The Pentagon has sought to tamp down such fears. This September, it issued a memo that broadly outlined the way forward into uncharted territory.
“A military chaplain may participate in or officiate any private ceremony, whether on or off a military installation, provided that the ceremony is not prohibited by applicable state and local law,” stated the memo.
“Further, a chaplain is not required to participate in or officiate a private ceremony if doing so would be in variance with the tenets of his or her religion.”
Meanwhile, the chairman of the House Armed Services Committee, Rep. Howard “Buck” McKeon, R-Calif., worked to secure a broader and stronger exemption in the 2012 military-spending bill.
Like most of the GOP leadership in the House, McKeon also sought to prevent the repeal of the controversial policy from being used to undermine the Defense of Marriage Act, already under heavy assault from the Justice Department, which said it would no longer defend the law.
“This was one of the concerns that we had — that we were rushing this, to eliminate this before we had fully prepared things. And DOMA is the law of the land,” said McKeon in a published interview.
But in the end, to the applause of homosexual-rights groups like the Human Rights Campaign, the Senate’s narrow language made the final cut.
The limited exemption was viewed as a defeat for McKeon. But John Noonan, a spokesman for the House Armed Services Committee, insisted that chaplains still retain strong First Amendment protections and that nothing in the new language “contravenes or amends DOMA, nor is the DOD relieved from the prohibition on federal recognition of same-sex unions.”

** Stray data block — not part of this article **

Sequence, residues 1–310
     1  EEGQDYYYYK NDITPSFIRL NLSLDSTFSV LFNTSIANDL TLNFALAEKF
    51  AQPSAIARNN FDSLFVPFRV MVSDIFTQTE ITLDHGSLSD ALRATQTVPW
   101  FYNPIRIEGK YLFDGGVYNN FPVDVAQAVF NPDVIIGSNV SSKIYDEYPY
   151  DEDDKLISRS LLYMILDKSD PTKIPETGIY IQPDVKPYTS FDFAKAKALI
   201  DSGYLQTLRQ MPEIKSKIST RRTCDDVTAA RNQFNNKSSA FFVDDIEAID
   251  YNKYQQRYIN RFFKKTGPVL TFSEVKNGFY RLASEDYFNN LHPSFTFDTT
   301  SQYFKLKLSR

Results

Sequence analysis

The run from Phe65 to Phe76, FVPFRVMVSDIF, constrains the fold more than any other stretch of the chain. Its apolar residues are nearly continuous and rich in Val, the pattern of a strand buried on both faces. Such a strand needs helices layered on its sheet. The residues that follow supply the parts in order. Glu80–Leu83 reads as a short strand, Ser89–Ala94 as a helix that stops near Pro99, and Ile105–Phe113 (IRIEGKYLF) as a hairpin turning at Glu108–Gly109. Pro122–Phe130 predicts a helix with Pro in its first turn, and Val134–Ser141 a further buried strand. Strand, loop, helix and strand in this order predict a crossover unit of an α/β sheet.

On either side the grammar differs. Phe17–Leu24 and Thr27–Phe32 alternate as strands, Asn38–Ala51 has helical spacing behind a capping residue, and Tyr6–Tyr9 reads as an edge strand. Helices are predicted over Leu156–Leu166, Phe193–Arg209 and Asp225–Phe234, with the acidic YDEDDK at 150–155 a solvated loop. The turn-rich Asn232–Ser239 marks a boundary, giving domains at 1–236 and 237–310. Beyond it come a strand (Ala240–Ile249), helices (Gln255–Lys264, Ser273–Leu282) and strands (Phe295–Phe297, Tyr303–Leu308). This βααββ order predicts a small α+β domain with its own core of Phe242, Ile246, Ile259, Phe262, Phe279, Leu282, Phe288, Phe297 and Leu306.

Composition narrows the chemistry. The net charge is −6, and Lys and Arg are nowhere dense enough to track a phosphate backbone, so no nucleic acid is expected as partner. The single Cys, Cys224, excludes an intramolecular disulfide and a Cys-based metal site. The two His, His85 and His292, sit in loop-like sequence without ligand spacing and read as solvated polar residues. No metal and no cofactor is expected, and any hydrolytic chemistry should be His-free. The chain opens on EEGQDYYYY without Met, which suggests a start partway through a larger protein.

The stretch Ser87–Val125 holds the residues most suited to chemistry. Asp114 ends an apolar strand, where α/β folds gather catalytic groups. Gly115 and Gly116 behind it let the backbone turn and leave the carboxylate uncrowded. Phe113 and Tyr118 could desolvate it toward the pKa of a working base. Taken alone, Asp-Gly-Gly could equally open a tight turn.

That said, organizations like the Chaplain Alliance for Religious Liberty remain wary about the practical impact of the repeal. They note that individual base commanders possess considerable autonomy to make their own judgments about speech that could now be interpreted as undermining military readiness.
“We fear that the religious liberty of our chaplains will be repealed or infringed,” said Ron Crews, the executive director of the Chaplain Alliance for Religious Liberty, and a retired army chaplain.
Crews said he knew of a few chaplains who “were retiring earlier than planned.” For now, however, his organization is encouraging members “to continue to serve everybody with grace and dignity. But if they are going to provide counsel for a soldier, they need to be clear they will be offering biblical teaching.”
Early next month, the Chaplain Alliance plans to organize a strategy session to map out a response to a rapidly changing cultural and political environment.
“If you speak in favor of the homosexual lifestyle, it’s okay,” said Crews. “But if you express any kind of concern [about it], there is a fear of some type of recrimination or retaliation in this new climate.”
Joan Frawley Desmond is the Register’s senior editor.